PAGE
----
If we were to take Iranian President Hassan Rouhani at his word, the Islamic Republic is not, and never has, pursued the development of nuclear weapons. Nor is Iran providing financial, material and logistic support to Shi’ite terrorists who have murdered American troops and civilians in Iraq; to Bashar Assad’s military in Syria; to Hezbollah in Lebanon; and to the Taliban in Afghanistan. And Iran has no interest in fueling sectarian tensions across the Middle East. In Rouhani’s telling, Iran is a peace-loving nation.

“We’ve had disputes with certain countries, but we would want to see a better future, and achieve peace with everyone,” Rouhani told Klaus Schwab, founder of the World Economic Forum, in Davos.

If only this were true. It would lead to a new geopolitical equilibrium, one less turbulent than the current landscape of civil war, terrorism and sectarian battles. It would create an environment in which Sunnis and Shi’ites would stop killing one another en masse. And while there would be understandable tensions, there would be no open warfare.

Unfortunately, Iran’s heavy hand can be felt across the region, including here in Israel where until their 2011 falling-out over Syria, Hamas was receiving a reported $20 million a month from Iran. The mullahs of the Islamic Republic are funding terrorist organizations, stirring up sectarian discontent and, most ominously, developing nuclear weapons. If they succeed, they will spark a nuclear arms race among the Gulf states, Egypt and others, and leverage Iran’s pernicious influence throughout the region, essentially insulating the Islamic Republic from any geopolitical repercussions resulting from its actions.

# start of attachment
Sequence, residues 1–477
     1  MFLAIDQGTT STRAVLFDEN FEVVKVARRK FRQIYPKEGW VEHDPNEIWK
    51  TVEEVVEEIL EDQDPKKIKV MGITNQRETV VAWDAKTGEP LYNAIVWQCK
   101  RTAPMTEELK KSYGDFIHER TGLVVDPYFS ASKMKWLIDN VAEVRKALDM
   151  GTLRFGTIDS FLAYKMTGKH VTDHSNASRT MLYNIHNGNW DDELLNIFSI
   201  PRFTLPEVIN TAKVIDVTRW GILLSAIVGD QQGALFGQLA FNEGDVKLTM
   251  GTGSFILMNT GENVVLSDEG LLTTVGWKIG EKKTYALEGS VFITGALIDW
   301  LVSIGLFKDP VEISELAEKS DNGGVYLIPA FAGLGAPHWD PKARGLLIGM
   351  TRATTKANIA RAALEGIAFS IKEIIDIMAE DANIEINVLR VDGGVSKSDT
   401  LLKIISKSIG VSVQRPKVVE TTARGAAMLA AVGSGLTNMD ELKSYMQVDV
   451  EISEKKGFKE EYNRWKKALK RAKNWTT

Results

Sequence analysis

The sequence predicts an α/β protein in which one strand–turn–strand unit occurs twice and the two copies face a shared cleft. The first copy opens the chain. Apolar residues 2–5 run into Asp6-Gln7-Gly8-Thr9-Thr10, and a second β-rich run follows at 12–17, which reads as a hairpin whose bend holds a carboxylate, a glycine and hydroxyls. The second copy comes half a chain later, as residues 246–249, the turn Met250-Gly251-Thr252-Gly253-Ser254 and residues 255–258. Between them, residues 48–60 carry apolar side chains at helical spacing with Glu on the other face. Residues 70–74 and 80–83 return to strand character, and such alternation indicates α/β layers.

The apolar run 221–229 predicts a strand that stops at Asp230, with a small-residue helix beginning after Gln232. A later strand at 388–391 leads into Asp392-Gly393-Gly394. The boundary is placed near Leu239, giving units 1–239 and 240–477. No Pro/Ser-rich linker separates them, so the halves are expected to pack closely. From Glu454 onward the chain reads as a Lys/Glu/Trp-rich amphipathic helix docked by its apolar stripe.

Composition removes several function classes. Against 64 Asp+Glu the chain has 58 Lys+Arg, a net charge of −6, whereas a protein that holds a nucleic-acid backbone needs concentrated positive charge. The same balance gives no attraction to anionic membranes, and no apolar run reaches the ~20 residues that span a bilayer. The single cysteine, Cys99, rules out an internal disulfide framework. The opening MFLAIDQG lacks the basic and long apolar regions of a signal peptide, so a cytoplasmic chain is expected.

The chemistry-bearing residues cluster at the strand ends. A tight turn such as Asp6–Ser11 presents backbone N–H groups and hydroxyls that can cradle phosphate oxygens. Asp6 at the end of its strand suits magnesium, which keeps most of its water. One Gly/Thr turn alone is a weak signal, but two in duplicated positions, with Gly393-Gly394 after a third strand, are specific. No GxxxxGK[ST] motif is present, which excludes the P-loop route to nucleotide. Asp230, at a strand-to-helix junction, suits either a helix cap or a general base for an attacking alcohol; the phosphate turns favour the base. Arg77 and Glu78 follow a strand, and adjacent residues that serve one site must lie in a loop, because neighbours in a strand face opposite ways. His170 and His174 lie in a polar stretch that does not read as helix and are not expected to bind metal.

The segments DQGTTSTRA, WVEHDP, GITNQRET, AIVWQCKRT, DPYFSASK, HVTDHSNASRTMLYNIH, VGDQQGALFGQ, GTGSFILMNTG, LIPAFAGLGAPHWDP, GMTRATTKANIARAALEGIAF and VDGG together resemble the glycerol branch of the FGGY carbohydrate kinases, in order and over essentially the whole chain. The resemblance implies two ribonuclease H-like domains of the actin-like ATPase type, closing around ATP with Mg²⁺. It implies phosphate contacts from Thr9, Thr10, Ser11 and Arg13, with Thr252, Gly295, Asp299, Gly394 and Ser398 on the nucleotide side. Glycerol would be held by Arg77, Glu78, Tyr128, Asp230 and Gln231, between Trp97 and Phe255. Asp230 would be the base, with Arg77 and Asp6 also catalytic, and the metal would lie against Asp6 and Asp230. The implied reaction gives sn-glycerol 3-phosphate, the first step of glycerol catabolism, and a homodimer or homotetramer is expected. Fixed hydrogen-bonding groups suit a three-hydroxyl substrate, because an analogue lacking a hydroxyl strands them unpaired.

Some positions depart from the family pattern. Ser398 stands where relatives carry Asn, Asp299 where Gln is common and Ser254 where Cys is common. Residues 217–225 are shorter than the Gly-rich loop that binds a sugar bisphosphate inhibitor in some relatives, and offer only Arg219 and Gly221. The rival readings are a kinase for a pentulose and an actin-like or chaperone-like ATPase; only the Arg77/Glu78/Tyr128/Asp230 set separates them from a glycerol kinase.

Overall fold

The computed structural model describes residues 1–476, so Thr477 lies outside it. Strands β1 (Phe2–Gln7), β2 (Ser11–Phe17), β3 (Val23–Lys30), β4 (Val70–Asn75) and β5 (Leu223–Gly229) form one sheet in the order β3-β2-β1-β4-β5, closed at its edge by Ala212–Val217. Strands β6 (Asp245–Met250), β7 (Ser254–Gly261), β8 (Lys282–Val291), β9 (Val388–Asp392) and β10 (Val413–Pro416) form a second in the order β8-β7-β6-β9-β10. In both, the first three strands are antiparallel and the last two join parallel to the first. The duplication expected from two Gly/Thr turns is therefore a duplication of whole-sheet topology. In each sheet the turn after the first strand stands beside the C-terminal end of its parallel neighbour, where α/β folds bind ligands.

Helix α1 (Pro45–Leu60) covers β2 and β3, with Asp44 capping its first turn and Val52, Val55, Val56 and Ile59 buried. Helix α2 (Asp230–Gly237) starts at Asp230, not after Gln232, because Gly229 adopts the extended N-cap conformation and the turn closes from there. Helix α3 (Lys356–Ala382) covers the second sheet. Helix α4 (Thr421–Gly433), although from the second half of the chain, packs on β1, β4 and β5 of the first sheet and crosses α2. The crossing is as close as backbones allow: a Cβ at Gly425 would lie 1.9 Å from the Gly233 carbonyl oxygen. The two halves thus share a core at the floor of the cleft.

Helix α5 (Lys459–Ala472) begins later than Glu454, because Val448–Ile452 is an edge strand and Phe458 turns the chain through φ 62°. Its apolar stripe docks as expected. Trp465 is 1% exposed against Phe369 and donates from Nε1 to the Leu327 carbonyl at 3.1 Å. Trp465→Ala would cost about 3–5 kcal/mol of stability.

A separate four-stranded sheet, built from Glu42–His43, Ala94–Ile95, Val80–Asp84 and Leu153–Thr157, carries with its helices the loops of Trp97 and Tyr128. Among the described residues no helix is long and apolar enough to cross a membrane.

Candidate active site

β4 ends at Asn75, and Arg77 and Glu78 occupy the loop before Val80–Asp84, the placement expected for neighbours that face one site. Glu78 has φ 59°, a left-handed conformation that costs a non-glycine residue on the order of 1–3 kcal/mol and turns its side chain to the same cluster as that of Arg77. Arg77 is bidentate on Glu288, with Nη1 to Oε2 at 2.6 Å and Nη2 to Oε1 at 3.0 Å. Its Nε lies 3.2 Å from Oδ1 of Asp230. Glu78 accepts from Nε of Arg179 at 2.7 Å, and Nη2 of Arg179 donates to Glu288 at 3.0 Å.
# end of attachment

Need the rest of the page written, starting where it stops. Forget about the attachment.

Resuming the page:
There were those in Davos who spoke truth to Rouhani’s lies.

“While Rouhani condemns the killing of innocents, dozens of innocent people were executed in Iran in the last few days,” Prime Minister Binyamin Netanyahu said. “While Rouhani talks about no foreign involvement in Syria, Iran arms Assad and orders Hezbollah to massacre innocent people there.

While Rouhani talks about peace in the Middle East, he refuses, even today, to recognize Israel, and his regime calls for its destruction.”

President Shimon Peres noted what Rouhani refrained from saying.

“He did not support peace in the Middle East,” Peres said at a press conference. “He is the only leader I know who didn’t say clearly the time has come to make peace between Israel and the Arabs. He excluded the reference to peace and when he was asked if his vision included all countries [in the Middle East], he said it included only the ones that Iran will accept.”

Peres was referring to Rouhani’s declaration that he wants relations with all Middle East countries and that “there are no exceptions; we wish for a better future and to have beneficial relations with all that we recognize.”

There is a tendency among moderates, particularly of the Western variety, to believe fundamentalist political leaders such as Rouhani when they say they want peace. The reason for this is simple: Moderates believe that everyone sees the world the same way they do. For moderates it is self-evident that at the most human level people yearn for peace. This, however, is not true for those motivated by an extremist ideology – in the case of Iran, by an apocalyptic and reactionary reading of Islam in which redemption is achieved through religious dominance and the spreading of God’s word – by force if necessary – to non-believers.

The inability to understand such an irrational message is particularly pronounced at a venue such as Davos’s World Economic Forum. Businessmen, entrepreneurs and technocrats tend to be a decidedly optimistic, rational, constructive and moderate bunch that believes people are, like themselves, interested in bettering the world through education and economic development. They are liable to be susceptible to Rouhani’s charm defensive.

We hope they will have the sense to heed the warnings of Netanyahu and Peres.



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